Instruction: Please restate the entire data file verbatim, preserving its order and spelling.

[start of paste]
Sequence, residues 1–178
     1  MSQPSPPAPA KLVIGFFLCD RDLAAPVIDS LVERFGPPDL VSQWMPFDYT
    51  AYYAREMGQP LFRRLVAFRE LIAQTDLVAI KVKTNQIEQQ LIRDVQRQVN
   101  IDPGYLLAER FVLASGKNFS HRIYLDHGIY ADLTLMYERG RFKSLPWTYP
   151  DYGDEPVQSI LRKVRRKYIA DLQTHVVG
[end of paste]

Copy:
Sequence, residues 1–178
     1  MSQPSPPAPA KLVIGFFLCD RDLAAPVIDS LVERFGPPDL VSQWMPFDYT
    51  AYYAREMGQP LFRRLVAFRE LIAQTDLVAI KVKTNQIEQQ LIRDVQRQVN
   101  IDPGYLLAER FVLASGKNFS HRIYLDHGIY ADLTLMYERG RFKSLPWTYP
   151  DYGDEPVQSI LRKVRRKYIA DLQTHVVG